Lochner v. New York, 198 U.S. 45 (1905), stands as one of the Supreme Court's most reviled decisions. We challenge the critical consensus against Lochner and provide a defense, albeit a contingent defense, of "unprincipled" judicial activism. To do so, we develop a game-theoretic model of judicial-legislative interaction. We use the model to compare outcomes generated in a system of legislative supremacy to outcomes generated in a system in which judicial review is provided by a legally unprincipled, activist judiciary. We show that judicial review, even when provided by an activist, politicized judiciary, can promote important constitutional values and improve legislative quality relative to a deferential judiciary. In doing so, we identify an important "passive" component to the effect that judicial review has on legislatures and on legislation. Finally, we demonstrate that the addition of other institutions and constraints on judicial behavior amplify the beneficial effects that judicial review provides to the legislative process.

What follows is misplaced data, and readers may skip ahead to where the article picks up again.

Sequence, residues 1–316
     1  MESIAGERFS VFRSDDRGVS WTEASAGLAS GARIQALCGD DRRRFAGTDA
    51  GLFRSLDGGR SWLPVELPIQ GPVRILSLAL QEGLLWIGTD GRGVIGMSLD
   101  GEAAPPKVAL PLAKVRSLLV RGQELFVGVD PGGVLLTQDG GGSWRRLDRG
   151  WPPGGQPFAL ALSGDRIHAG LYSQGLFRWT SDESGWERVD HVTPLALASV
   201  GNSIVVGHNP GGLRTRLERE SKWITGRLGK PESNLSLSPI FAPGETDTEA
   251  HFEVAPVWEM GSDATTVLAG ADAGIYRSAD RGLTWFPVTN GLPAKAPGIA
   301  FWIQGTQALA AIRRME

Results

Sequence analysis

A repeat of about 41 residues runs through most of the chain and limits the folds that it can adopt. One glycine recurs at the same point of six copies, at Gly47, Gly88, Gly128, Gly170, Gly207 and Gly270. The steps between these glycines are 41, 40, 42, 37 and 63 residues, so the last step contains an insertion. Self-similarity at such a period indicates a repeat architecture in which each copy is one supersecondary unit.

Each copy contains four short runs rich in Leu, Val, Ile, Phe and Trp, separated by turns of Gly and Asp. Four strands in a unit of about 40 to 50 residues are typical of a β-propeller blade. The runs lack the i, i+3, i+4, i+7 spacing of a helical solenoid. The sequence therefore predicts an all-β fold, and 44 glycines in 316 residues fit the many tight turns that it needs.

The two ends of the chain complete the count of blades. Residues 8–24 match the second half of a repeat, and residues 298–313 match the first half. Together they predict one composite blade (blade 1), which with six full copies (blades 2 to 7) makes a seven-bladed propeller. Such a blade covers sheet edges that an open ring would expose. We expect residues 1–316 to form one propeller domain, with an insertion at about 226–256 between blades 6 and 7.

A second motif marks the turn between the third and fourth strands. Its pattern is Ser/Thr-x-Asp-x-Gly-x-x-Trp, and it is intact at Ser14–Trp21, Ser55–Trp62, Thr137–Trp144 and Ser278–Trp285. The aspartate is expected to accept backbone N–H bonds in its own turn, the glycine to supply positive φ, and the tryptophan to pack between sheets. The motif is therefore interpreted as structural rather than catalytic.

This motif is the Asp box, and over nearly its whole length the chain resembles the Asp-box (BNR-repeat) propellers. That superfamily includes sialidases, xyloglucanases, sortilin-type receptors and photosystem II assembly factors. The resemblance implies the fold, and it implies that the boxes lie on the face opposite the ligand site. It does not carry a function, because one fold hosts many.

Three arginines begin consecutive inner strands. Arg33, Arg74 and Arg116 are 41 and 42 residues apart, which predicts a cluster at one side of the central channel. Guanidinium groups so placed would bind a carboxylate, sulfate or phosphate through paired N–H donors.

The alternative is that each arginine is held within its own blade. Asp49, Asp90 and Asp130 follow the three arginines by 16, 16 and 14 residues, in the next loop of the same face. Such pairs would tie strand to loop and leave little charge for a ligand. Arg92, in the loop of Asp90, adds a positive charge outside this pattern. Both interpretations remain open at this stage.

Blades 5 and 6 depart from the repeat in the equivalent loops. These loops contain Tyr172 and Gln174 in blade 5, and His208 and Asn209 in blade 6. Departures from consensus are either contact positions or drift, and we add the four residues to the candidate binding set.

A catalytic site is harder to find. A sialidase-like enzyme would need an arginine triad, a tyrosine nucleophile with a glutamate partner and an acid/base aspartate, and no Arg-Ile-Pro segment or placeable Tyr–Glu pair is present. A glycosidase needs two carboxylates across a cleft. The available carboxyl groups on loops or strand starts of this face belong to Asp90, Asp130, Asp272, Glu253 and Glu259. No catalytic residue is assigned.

ASJC Scopus subject areas
- Economics and Econometrics
- Organizational Behavior and Human Resource Management